An article in the Journal of Family Violence reviews the extent of psychological trauma that was experienced by female victims in 1993 in the flooding of the Mississippi River. The authors invited 564 women to participate 6 months after the flood but only 36.3% were willing to participate. In fact some of the women who withdrew from consideration were told not to be part of the survey by their husbands and significant others (Taft, et al., 2009, p. 391). The assessments were made using the National Women's Study PTSD module, the Dyadic Adjustment Scale (DAS), the Verbal Aggression subscales of the Conflict Tactics Scale (CTS).
The assessments took place at the participants' homes (no male partners were present during the research); the participants filled out the questionnaire on laptop computers, they were verbally de-briefed afterwards by a Masters-level assessor, and were paid $25 for their willingness to participate (Taft, 391). This was a test of how much aggression (physical and psychological) women would experience or dish out following the floods. The results showed that women experienced an 8% rise in physical aggression from their spouses and a 74% rise in psychological aggression as well. But the women in this study also perpetrated aggression, due to the presence of PTSD symptoms, Taft explains on 392-93. Women perpetrated a 9% rise in physical aggression six months after the horrific flooding and a 55% rise in psychological aggression (Taft, 392).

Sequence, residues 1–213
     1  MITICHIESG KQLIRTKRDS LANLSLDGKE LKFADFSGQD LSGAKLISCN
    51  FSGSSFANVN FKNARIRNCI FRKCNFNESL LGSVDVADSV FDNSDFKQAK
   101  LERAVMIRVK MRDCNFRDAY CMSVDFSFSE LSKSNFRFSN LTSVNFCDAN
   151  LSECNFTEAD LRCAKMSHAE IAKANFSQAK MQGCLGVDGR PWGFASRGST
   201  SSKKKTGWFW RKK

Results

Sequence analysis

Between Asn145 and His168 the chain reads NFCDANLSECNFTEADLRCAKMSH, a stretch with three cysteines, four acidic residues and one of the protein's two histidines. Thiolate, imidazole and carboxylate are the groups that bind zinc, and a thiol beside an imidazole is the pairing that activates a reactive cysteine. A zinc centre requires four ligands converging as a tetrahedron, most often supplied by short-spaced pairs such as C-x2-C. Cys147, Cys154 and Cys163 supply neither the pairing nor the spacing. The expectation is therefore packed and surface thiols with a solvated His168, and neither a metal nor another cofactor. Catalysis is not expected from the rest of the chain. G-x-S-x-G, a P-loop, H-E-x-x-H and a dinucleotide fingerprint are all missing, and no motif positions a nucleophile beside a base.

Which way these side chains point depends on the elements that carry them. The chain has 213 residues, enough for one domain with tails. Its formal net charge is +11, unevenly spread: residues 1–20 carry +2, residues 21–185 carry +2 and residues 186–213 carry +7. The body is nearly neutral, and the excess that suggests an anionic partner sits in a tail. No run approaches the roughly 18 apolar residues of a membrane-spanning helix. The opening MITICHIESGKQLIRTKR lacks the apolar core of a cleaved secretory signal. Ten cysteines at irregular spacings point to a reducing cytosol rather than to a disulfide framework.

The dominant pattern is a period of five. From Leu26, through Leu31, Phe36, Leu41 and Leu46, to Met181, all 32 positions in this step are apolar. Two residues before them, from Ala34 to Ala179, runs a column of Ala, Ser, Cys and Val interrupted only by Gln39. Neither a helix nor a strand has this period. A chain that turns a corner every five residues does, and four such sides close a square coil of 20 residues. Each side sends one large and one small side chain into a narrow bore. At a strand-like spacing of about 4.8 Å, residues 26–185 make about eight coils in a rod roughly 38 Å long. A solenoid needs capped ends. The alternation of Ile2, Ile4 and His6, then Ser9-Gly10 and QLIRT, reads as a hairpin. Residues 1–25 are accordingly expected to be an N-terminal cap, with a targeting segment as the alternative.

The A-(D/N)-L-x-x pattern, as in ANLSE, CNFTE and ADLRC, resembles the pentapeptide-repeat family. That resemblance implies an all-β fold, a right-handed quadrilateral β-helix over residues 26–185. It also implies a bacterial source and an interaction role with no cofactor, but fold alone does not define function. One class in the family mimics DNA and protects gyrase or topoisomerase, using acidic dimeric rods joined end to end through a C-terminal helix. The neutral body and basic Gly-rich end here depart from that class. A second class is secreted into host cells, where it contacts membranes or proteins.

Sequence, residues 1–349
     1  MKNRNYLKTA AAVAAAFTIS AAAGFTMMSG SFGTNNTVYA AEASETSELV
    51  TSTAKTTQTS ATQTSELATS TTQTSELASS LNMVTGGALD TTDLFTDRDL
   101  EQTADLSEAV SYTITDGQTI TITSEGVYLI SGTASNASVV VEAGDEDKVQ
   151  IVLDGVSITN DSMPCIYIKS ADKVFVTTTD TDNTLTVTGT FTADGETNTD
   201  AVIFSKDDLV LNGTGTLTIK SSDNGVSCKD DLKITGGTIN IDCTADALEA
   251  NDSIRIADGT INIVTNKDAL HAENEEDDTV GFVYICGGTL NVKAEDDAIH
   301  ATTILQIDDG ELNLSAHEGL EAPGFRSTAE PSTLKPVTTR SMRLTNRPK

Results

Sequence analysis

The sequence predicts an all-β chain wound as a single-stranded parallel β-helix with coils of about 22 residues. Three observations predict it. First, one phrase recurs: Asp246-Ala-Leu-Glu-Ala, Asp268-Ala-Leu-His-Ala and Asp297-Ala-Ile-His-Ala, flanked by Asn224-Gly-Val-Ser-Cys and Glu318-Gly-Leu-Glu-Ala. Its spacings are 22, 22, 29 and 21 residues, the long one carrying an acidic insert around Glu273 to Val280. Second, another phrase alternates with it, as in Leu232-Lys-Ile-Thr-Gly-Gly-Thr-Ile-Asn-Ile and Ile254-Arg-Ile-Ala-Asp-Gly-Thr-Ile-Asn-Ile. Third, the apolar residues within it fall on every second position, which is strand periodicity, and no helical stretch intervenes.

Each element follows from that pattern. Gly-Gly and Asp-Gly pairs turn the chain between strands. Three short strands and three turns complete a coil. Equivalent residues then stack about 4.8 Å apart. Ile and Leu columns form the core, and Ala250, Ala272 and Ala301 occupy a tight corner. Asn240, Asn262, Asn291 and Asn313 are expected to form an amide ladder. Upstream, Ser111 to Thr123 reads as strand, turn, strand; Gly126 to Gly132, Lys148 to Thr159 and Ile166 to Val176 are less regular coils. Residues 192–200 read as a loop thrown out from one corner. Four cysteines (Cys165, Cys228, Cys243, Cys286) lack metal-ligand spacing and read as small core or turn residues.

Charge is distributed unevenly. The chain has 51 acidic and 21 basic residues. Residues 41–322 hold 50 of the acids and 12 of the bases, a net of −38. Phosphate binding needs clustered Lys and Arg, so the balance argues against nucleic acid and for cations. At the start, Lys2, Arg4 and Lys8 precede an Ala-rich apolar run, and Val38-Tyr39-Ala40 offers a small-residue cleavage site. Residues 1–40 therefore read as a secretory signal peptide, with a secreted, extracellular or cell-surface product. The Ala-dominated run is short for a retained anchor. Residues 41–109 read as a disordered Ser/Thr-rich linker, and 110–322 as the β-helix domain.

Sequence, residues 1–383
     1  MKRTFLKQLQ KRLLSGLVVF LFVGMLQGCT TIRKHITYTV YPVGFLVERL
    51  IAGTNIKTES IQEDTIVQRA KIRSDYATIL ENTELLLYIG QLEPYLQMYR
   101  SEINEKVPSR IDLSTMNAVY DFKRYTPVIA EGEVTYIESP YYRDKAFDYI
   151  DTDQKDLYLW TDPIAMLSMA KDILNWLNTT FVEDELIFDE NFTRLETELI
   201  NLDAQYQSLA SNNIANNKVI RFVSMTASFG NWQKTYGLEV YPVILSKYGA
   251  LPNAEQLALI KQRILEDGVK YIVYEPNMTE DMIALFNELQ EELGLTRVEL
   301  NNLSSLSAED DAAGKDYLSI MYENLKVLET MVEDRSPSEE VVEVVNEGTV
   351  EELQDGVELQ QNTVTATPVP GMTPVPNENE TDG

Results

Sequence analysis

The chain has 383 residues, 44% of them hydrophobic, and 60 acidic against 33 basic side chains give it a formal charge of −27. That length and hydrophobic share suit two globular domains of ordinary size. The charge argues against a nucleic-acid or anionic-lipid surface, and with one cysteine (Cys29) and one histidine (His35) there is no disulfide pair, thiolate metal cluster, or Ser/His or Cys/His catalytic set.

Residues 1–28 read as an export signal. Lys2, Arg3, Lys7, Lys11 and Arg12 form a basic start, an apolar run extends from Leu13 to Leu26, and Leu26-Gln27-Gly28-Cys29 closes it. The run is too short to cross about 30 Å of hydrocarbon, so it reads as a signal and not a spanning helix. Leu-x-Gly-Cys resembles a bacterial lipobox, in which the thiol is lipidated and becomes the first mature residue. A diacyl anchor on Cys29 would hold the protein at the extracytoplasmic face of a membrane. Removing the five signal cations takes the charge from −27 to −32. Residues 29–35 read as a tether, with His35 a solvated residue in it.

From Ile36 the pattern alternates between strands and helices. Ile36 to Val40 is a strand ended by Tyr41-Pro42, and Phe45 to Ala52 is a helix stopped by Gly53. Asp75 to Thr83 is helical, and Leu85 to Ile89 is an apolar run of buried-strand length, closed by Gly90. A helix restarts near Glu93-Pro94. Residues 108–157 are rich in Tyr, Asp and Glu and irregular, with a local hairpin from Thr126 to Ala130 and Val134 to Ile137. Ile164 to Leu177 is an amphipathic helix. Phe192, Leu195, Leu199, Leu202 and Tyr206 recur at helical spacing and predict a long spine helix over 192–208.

The bottom line in this research is that relationships suffer when a major natural disaster takes place, and when there is a relationship that isn't strong in the first place, a disaster can cause one or both parties (that had suffered from PTSD) to behave very badly and even violently.
Using the Harvard Trauma Questionnaire (trauma and symptoms that are associated with PTSD), and the Hopkins Symptom Checklist (to evaluate anxiety and depression) the authors in a peer-reviewed article (Psychology, Health & Medicine) reported on the results of a survey in England following severe flooding. Four hundred and forty four questionnaires were returned fully completed and of those 27.9% "met criteria" for symptoms that are directly linked to PTSD (Mason, et al., 2010, p. 61). As to anxiety, 24.5% responded that they indeed had serious bouts with anxiety during and after the floods, and 35.1% reported symptoms associated with depression (Mason, 61).
Not surprisingly, women in this research were more susceptible to PTSD than men, which is fairly consistent no matter what the natural disaster happens to be. Mason and colleagues admit that those that were directly affected experienced less negative psychological symptoms than victims of huge earthquakes and tsunamis albeit those that had gone through floods in previous years were more apt to have poor psychological outcomes.
Another article that delves into the psychological aftermath of those same English floods resulted in a study that was published in the Journal of Water and Health (Tunstall, et al., 2006). In this article, the authors employed the General Health Questionnaire and the results showed that some victims of the flood suffered health impacts that were long-term.
Some 983 interviews took place with adults over 18 whose homes had been directly impacted by the rising waters (above floor level) and…